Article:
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University Of Wyoming Team Identifies Rare Jaguar At U.S.-Mexico Border

Ganesh Marin

Jaguars have been a very rare sight in the U.S. over the last 30 years. But a new study by the University of Wyoming and University of Arizona captured video of one of the animals.

John Koprowski, dean of the Haub School of Environment and Natural Resources at UW, leads the project that identified the jaguar using motion-triggered cameras.

Koprowski said this animal is a young male and was seen three miles south of the U.S.-Mexico border. That means he had moved north recently.

"This big predator has to come from the south and be moving into these areas. They weren't resident there in the most recent years," he said. "We've got this wonderful opportunity, this wonderful indication, of an animal that demonstrates there still is connectivity."

That connectivity is important when there are barriers to animal's paths from humans like highways, railroads, and the border wall. Ganesh Marin, a University of Arizona graduate student and project member, is focused on finding and preserving the main corridors that wildlife move through.

"It's more important because of what comes with the jaguar," he said. "If the jaguars are able to move, a lot of species are able to move in the same environment. Having jaguars in the ecosystem means that you have a healthy ecosystem."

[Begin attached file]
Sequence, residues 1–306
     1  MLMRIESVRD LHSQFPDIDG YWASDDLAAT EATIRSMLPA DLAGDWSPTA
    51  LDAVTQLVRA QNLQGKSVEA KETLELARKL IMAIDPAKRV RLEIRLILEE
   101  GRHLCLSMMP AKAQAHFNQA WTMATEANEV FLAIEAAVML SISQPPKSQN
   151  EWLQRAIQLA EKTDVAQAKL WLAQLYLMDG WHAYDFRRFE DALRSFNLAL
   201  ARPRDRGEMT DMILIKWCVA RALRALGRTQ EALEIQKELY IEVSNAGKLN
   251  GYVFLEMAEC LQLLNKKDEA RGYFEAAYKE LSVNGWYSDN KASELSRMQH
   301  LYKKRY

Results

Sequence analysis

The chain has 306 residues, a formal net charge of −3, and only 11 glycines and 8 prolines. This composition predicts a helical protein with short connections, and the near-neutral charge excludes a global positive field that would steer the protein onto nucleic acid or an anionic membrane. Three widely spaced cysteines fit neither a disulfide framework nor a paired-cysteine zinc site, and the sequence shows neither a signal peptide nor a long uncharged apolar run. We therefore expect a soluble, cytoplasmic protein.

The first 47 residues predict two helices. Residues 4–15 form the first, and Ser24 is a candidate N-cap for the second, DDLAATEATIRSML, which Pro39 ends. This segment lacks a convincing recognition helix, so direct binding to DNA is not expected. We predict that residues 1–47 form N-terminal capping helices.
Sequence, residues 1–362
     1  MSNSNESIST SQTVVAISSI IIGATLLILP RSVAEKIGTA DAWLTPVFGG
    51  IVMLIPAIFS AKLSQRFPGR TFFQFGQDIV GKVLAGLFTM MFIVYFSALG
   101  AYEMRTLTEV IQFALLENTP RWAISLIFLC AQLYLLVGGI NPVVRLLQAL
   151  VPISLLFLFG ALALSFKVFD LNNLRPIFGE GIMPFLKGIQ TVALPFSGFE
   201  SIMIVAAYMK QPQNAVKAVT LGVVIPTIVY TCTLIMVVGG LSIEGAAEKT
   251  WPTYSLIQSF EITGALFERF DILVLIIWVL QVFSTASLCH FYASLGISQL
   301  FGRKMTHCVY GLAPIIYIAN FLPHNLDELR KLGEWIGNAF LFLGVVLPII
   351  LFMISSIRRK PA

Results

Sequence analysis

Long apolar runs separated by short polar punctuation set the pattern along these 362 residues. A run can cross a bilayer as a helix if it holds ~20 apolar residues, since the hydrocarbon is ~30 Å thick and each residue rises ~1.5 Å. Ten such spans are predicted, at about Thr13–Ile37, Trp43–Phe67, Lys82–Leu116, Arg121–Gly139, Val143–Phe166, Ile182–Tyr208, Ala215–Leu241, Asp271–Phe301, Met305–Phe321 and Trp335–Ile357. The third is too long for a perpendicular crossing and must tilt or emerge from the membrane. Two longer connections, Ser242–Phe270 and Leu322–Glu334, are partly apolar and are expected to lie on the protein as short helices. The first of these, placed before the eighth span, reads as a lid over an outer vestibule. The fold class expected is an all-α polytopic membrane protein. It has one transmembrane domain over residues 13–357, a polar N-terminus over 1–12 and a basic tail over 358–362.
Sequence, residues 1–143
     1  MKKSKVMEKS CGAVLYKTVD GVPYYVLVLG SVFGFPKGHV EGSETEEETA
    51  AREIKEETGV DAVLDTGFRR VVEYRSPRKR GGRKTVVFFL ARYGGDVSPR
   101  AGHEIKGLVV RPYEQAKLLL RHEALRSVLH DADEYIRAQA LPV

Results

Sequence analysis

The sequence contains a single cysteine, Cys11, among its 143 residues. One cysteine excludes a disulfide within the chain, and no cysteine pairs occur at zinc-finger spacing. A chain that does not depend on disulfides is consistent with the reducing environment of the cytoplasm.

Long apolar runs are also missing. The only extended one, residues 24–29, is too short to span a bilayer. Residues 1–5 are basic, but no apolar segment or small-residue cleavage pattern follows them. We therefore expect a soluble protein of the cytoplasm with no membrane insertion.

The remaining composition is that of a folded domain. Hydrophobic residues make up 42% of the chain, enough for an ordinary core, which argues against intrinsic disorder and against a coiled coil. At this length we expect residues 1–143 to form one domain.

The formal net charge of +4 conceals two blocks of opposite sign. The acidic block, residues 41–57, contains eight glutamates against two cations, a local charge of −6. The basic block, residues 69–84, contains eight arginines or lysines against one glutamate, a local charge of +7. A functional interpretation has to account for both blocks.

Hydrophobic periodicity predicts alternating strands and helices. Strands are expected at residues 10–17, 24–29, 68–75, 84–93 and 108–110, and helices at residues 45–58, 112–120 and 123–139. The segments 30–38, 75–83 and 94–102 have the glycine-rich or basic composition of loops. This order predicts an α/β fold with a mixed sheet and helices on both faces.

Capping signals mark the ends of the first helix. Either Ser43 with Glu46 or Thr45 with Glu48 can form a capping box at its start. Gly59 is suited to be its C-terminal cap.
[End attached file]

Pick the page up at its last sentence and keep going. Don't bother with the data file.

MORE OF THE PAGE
Wyoming faces similar issues in preserving migration corridors for animals like deer and antelope.

Have a question about this story? Please contact the reporter, Ashley Piccone, at apiccone@uwyo.edu.

Ashley is a PhD student in Astronomy and Physics at UW. She loves to communicate science and does so with WPM, on the Astrobites blog, and through outreach events. She was born in Colorado and got her BS in Engineering Physics at Colorado School of Mines. Ashley loves hiking and backpacking during Wyoming days and the clear starry skies at night!
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